After the aesthetic elegance of Dots, prepare for another injection of minimalist puzzle game beauty. Blip Blup is the new game from London-based design house and app studio ustwo — maker of Whale Trail, a mobile game that snagged an e-book deal, plus a raft of other interesting apps including most recently Rando (random photo-sharing) and Honk (visual messaging).
Blip Blup has just launched on iOS for iPhone and iPad, either free with ads, or $1.99 ad free. It’s also available free with ads on Android (upgradable to ad-free via in-app purchase). The basic gameplay involves triggering pulses of light so that they fill in all the empty space in each level. Light pulses can be blocked by walls, and won’t travel around corners but will travel diagonally. There are also other elements introduced as your progress, such as arrows that force the direction of the light and explosive tiles to avoid. The fewer light pulses (blips) you use to fill in a level, the higher your score.
The first thing that stands out about Blip Blup is that ustwo has gone for a minimalist, abstract design aesthetic, rather than a skeumorphic look and feel — despite apparently experimenting with the latter. Too much realism just didn’t fit the puzzle gameplay, says ustwo. “Getting to the final treatment was an exercise in finding a balance between our love for beautiful design as a studio and simple graphics that allow the puzzle-solving to be centre-stage,” it explains in a blog.
“Skeuomorphic design in this instance would have stifled the complex puzzle solving nature of Blip Blup,” adds ustwo co-founder Matt Miller. “The puzzle and the solution needed to be at the front and centre stage with nothing getting in the way of that focus. We believe in the core gameplay of Blip Blup and feel that the minimal design supports that without overwhelming it with unnecessary graphics.”
Miller says Blip Blup is designed specifically to appeal to people who are also interested in visual design, and who therefore might not be turned on by traditional gaming aesthetics. “Over the past decade and as a direct result of mobile app-based gaming, gamers have increased in terms of numbers and diversity. This shift has meant that creators, who previously had to appeal to large and ‘safe’ audiences, can instead cater to more specific and targeted audiences. For example appealing to players who are interested in interacting with great visual design, rather than those who prefer cartoon characters and fantasy locations,” he tells TechCrunch.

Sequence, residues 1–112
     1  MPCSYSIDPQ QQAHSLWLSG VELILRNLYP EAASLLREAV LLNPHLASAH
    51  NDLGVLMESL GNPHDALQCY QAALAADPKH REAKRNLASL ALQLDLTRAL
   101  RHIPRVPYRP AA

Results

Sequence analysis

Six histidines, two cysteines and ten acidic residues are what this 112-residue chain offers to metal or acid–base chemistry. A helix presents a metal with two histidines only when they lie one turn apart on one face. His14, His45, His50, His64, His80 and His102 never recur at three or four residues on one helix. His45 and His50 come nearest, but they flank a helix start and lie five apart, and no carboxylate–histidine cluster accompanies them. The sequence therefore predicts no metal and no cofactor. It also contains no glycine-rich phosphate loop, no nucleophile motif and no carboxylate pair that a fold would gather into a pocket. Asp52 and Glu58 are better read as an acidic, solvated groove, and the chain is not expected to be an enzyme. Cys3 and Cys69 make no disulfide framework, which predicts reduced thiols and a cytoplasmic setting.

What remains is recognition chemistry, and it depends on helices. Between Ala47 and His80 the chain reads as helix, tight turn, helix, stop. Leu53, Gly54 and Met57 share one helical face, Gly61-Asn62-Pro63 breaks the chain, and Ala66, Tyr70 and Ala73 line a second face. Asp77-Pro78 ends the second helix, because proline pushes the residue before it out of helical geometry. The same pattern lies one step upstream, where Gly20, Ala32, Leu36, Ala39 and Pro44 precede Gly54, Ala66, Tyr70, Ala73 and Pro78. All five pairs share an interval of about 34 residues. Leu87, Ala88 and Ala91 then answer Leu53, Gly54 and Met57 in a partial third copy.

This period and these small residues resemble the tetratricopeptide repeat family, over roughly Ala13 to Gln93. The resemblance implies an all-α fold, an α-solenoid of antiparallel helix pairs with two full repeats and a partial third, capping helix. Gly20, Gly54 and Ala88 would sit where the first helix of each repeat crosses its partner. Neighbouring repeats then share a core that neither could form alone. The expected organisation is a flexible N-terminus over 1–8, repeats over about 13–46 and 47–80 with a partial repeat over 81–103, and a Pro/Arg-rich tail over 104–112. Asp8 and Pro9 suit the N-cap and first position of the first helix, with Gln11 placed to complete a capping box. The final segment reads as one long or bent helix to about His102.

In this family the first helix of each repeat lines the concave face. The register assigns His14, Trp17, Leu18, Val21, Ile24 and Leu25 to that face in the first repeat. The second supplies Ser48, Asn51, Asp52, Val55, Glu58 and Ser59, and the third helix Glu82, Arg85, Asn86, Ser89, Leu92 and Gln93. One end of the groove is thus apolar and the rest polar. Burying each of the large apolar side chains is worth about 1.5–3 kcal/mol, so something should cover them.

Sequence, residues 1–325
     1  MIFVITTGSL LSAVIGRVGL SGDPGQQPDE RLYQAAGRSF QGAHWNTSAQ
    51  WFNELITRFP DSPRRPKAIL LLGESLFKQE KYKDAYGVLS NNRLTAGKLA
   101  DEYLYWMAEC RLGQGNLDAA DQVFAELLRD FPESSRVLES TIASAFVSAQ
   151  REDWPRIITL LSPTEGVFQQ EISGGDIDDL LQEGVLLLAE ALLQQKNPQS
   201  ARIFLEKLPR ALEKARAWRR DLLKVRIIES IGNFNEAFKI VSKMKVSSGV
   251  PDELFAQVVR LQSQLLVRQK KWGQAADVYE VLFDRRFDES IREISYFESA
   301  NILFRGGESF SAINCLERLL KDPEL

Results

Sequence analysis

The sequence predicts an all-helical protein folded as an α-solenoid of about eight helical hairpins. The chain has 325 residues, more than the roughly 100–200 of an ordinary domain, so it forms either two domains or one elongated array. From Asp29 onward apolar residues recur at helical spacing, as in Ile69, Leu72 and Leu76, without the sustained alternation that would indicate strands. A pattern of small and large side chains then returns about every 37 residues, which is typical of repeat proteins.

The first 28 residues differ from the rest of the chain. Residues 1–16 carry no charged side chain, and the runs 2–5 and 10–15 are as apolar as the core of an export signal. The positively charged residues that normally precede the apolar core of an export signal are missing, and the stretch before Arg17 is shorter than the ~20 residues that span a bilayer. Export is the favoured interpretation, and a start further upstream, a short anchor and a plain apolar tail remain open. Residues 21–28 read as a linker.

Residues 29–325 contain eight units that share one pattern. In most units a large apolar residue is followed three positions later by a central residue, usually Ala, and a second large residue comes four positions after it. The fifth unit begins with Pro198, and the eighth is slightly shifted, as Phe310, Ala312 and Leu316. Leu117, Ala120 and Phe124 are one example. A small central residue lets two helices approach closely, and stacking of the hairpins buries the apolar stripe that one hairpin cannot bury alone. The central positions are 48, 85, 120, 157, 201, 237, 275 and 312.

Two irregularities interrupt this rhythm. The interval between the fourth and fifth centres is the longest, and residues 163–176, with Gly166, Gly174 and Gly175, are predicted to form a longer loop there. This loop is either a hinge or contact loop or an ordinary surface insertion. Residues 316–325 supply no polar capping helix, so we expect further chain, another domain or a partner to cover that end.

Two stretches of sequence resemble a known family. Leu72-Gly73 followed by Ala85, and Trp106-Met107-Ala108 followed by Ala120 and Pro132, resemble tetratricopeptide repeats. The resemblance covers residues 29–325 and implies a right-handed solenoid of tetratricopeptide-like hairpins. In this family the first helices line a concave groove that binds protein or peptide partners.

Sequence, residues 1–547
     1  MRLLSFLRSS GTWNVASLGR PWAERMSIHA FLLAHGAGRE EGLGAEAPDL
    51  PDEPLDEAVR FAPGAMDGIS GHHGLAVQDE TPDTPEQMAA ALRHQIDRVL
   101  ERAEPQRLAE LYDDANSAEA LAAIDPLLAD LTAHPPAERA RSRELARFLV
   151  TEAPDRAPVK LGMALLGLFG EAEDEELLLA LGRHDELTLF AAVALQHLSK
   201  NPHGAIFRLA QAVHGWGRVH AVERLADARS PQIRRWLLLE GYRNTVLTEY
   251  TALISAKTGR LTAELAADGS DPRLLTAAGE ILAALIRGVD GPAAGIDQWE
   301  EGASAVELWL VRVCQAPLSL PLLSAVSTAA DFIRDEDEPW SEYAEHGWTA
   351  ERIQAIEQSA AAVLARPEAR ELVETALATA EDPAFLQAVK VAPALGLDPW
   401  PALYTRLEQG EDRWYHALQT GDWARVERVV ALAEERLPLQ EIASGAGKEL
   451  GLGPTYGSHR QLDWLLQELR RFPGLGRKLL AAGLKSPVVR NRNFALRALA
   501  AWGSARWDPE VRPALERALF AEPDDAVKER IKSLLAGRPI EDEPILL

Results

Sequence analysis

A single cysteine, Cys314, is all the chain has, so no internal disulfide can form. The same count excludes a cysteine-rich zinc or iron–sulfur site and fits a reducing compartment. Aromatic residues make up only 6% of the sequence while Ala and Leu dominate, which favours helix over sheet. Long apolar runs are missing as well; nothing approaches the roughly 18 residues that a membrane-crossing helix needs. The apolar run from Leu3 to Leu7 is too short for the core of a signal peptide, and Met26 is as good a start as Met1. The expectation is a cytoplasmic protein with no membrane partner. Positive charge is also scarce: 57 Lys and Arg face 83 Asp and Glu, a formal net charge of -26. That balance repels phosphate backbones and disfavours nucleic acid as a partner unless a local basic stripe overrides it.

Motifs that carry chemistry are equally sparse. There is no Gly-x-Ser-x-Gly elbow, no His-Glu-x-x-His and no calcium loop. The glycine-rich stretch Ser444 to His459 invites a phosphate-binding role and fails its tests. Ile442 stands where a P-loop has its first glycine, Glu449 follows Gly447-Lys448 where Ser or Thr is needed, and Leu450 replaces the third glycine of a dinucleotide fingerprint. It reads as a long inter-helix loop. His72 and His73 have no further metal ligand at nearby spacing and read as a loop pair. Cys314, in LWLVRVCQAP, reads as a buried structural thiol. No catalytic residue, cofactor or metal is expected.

“Minimalist design in game visuals presents interesting challenges. In a way, you are reducing your available visual toolset, to a few essential tools. But with these tools, you still need to convey success and failure, important objects, objects that are on or off, and so on. The mass audience definitely reacts favourably to matching shiny gems together, or seeing projectiles strike a tower of glass and wood blocks. But there’s an audience out there that love the cleanliness of a grid, or the satisfaction of filling an abstract space completely with colour even more.”
“We see visual design and interaction design as one area in gaming and this means we can ultimately create new experiences and potentially speak to a new audience,” he adds.
Blip Blub’s minimalist design certainly brings to mind betaworks’ Dots (not least because ustwo wanted to call it just Blip, before realising that name had been taken), which also recently caught our eye. Or even Peter Molyneux’s Curiosity. But with so many mobile games still opting for a cartoon aesthetic — a la Angry Birds — taking a different tack by stripping back the visuals feels refreshing — likely making these puzzlers stand out more than they would have on gameplay alone. It also seems to echo the wider digital design trend that’s been flattening graphics and decluttering visuals all over the web and mobile, doing away with realistic bells and whistles and replacing them with plain blocks of colour to allow shapes to shine through.
Blip Blub doesn’t feel entirely flat — the light pulses move via subtle colour gradations — but it’s certainly minimalistic. Its look is complemented by an ambient soundtrack that weaves in gameplay actions, with each light pulse adding a few more notes to the soundscape. (In fact ustwo says the sound is “50% of the Blip Blup experience”.) The overall effect is reflective, meditative and very relaxing. This would be a great game to play to destress after a hard day.
The slow, relaxed paced is matched by the gradual gameplay progression, with basic tutorial puzzles leading you step by step to proper levels and from there turning the screw to up the difficulty by adding new elements to the mix. There are 120+ puzzles in the free game distributed across nine levels, and 140+ across 10 levels in the paid game.